I would give “Am I Being Too Subtle” by Sam Zell 5 stars, I would highly recommend it for every real estate investor. Sam is a great storyteller and it’s a good mix of being entertaining, inspirational, and educational. It’s a quick read and well worth the $10-20 to buy it on Amazon.
It strikes me reading “Am I Being Too Subtle” that on many big investment deals the real winner wasn’t Sam Zell. It was his investors and employees. He is an example of a person who created tremendous value for everyone around him, and while he has a high net worth ~$5B it is modest in comparison to his accomplishments and the total return created by his deals.
“I read risk for a living. I am very focused on understanding the downside.”
Summary, Notes, Quotes:
Sam starts “Am I Being Too Subtle” by telling the story of his Jewish parents fleeing Poland, hopping aboard the last train out of their city before the nazis bombed the railroad tracks. They needed to travel at the breakout of WWII through both the Soviet Union and then Japan in order to get to Curaçao (controlled by the Dutch). The visas to get through Japan were provided by Sugihara, who worked in the Foreign Service and saved over 6,000 Jews against direct orders.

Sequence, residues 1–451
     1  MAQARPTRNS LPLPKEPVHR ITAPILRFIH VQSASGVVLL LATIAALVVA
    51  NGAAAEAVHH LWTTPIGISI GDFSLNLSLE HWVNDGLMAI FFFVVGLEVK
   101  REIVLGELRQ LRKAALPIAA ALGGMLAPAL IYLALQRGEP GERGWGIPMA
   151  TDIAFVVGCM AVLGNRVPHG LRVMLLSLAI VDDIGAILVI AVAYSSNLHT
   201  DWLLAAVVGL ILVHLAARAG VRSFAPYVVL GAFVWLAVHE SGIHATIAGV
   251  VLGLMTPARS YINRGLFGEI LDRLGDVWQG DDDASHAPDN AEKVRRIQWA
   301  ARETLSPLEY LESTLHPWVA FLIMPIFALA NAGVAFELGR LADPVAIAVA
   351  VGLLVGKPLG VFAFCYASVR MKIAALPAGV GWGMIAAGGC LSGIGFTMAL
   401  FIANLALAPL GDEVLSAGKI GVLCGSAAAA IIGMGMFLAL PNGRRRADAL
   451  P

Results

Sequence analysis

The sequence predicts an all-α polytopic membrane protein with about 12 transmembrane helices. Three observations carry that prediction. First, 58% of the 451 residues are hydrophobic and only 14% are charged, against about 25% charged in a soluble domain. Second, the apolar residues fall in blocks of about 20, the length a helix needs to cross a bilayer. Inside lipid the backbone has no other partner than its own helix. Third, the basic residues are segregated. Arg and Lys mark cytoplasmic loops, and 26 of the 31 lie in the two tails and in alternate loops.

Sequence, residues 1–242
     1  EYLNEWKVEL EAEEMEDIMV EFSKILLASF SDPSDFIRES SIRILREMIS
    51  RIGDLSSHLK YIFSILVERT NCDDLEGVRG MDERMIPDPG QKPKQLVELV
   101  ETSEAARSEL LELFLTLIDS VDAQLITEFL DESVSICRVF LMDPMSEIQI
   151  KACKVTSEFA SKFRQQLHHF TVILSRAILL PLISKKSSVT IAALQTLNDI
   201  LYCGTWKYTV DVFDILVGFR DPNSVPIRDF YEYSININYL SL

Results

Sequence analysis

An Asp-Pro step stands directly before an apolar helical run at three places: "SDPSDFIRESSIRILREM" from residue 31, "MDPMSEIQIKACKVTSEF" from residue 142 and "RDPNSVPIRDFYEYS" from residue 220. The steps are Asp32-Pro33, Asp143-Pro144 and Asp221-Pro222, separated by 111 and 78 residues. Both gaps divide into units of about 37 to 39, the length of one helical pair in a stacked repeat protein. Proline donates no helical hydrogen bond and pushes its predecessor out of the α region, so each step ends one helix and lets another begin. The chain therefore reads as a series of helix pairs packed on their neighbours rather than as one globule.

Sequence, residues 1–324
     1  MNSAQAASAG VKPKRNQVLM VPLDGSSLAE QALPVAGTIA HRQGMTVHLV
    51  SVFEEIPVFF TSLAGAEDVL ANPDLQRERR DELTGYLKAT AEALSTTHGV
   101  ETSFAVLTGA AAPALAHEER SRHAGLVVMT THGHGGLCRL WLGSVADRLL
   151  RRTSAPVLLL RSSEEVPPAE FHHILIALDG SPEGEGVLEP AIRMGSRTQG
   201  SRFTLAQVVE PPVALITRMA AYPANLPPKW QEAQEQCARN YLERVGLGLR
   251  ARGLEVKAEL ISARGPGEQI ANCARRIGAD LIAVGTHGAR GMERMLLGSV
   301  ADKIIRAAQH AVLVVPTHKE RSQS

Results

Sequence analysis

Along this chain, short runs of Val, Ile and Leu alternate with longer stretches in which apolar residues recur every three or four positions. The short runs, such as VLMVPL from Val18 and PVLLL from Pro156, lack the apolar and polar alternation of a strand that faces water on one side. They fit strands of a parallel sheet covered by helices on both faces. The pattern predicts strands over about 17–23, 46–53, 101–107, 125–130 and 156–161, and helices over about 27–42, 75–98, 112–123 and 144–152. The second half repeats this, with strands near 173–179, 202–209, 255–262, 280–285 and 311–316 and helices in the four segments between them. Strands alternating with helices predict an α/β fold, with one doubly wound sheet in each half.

When Sam was 24 he bought 12 adjacent single family homes near The University of Michigan, and then sold them to a developer to put a large multifamily student housing complex. To get the last house he had to work extensively with the older lady, whose uncle in Chicago owned it. To get the deal he had to work with an architect to design a new addition for the lady’s drunk brother, and keep the house within 8 blocks of a bar so he could get drunk and walk home.
He focused on investing in growing second tier cities, I.e Reno, Ann Arbor, etc. At the time real estate investors like his dad were focused on low risk NYC, SF, Chicago real estate that returned a steady 4% return via syndications. There wasn’t much capital in the smaller cities, despite high growth in many.